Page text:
Why it is so amazingly difficult to say “I’m sorry” when you know you blew it? If you bump into someone in the hallway at work, it’s no big deal to say it quickly, but when you know you really hurt the feelings of someone you love it can be one of the hardest things to do. However, in a long-term relationship like marriage, this little courtesy can make or break the trust and love bond between you. It’s important that you learn when to say it, how to say it, and then that you do say it. Good manners go a long way in intimate relationships.
The apology really isn’t a step that can be skipped. I think it’s easy to believe that your love is the kind that is so strong that an apology isn’t necessary. You may think you have some sort of deep understanding between you that lets you off the hook. You feel you don’t need to say you are sorry because your spouse can tell how sorry you are by how nicely you have been treating her ever since, right? Maybe you can get away with that sometimes, but you cannot get away with it all of the time and really, I wouldn’t even try to do it some of the time. That is dangerous behavior!
When someone’s feelings are hurt bad enough, it can be hard for them to move on past that disappointment. You might never do it again, you might even do lots of really nice things for them that they will appreciate and be thankful for, but they still have a tough time getting over it. It still hurts. If they’re lucky, they will find a way to forgive you on their own, and they might be able to overcome their feelings, but forgiving someone that hasn’t asked for it can be an infinitely more arduous process than trying to forgive someone who humbly and sincerely apologizes, and then asks for forgiveness. Do not let yourself be responsible for that kind of pain in the person that you love. You might not know they are still suffering over something you did or said long ago but that’s does not mean that it doesn’t still hurt them. Do not let yourself be responsible for creating that kind of pain in the person you love.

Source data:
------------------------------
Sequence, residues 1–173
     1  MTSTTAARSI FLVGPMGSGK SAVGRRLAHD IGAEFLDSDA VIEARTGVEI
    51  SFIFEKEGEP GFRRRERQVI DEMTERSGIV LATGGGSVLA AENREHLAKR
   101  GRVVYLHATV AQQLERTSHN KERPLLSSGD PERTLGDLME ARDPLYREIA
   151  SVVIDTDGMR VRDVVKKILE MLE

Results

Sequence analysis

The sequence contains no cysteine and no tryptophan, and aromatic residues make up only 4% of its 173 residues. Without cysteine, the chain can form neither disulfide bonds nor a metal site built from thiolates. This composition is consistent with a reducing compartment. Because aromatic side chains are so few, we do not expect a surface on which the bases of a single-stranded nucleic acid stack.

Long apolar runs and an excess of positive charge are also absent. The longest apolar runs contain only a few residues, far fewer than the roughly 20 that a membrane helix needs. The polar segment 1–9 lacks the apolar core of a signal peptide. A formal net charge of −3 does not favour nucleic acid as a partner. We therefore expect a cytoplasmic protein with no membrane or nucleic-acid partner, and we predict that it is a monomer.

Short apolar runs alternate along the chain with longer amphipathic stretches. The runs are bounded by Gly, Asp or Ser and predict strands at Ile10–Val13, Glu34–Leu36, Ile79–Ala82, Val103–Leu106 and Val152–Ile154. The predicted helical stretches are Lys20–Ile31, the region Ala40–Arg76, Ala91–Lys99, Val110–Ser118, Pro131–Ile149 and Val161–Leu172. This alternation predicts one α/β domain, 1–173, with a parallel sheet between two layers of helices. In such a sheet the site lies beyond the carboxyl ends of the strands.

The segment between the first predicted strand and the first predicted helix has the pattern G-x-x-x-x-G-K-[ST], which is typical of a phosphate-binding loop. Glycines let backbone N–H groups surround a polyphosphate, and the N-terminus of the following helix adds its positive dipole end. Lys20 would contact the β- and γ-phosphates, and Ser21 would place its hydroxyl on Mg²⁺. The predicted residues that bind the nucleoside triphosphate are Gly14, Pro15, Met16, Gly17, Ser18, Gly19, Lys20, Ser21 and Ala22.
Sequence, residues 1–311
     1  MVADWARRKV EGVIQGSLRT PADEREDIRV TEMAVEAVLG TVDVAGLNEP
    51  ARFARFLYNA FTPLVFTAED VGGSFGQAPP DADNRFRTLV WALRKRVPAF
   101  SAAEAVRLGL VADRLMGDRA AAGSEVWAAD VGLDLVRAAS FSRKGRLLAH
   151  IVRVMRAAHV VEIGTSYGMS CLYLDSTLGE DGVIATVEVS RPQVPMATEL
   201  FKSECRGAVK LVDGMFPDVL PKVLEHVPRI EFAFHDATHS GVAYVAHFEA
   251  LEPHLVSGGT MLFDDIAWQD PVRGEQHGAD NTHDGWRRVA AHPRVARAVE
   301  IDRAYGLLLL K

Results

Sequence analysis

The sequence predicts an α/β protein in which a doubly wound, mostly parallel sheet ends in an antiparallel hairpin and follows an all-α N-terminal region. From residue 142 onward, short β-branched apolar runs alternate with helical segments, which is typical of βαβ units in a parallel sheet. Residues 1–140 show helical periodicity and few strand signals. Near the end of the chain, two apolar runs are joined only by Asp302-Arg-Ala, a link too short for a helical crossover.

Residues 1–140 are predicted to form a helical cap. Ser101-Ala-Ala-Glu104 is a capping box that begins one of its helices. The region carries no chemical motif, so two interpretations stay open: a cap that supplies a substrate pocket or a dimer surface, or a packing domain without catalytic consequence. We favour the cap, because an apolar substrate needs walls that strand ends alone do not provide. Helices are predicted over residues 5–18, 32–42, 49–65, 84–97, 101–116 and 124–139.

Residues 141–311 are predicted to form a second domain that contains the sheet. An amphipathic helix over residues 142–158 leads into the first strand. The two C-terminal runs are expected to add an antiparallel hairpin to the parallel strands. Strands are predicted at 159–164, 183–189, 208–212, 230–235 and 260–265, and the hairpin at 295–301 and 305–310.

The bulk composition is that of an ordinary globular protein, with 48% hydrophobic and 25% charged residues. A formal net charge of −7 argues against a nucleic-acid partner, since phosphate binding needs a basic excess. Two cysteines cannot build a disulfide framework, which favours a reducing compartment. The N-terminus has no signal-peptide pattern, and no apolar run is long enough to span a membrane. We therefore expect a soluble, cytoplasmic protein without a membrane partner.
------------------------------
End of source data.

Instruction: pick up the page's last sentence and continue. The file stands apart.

Brick by brick, walls can build up in a marriage until there is no communication at all between two people who started out their life together with a loving, open relationship. Get rid of the bricks daily by apologizing and keep the relationship between you open and free and clear of anger and grudges that will eventually lead to unspoken hatred.
Here are some good rules regarding apologizing:
Rule number one: Never hurt the people you love. You may never know when you hurt someone so deeply that it is difficult for them to forgive you on their own, so follow this rule absolutely. And remember, it is always better and easier to avoid hurting them in the first place. Be aware of your words and actions.
Rule number two: In the event that you fail to keep rule number one, you must always apologize. Really. You must always apologize. Do not be too proud to recognize that you did something wrong and then apologize. It is the most basic thing you can do that will have the most profound effect on your marriage. When you are short-tempered, apologize for speaking abrasively to your spouse. If you didn’t say anything mean but still hurt her feelings somehow, you can still apologize for hurting her feelings.
Rule number three: Never do it again. Ask what you did wrong. Try to figure out why it was so upsetting to your loved one so you can be sure that you never do it again. Don’t abuse their forgiveness. It is no small thing when you tell someone you are sorry, and it is a huge thing if they can forgive you. Don’t put them back in that same situation where they have to try to forgive you again. They may do it, but it will hurt them when they see that you repeated your offense after apologizing for it because now your apologies are weaker and less sincere and so is their ability to trust you. How will they know the next time you apologize if it means “I’m so sorry and I’ll never do it again” or if it really means “I’m sorry but I might do it again.” They shouldn’t have to wonder which kind of apology this is.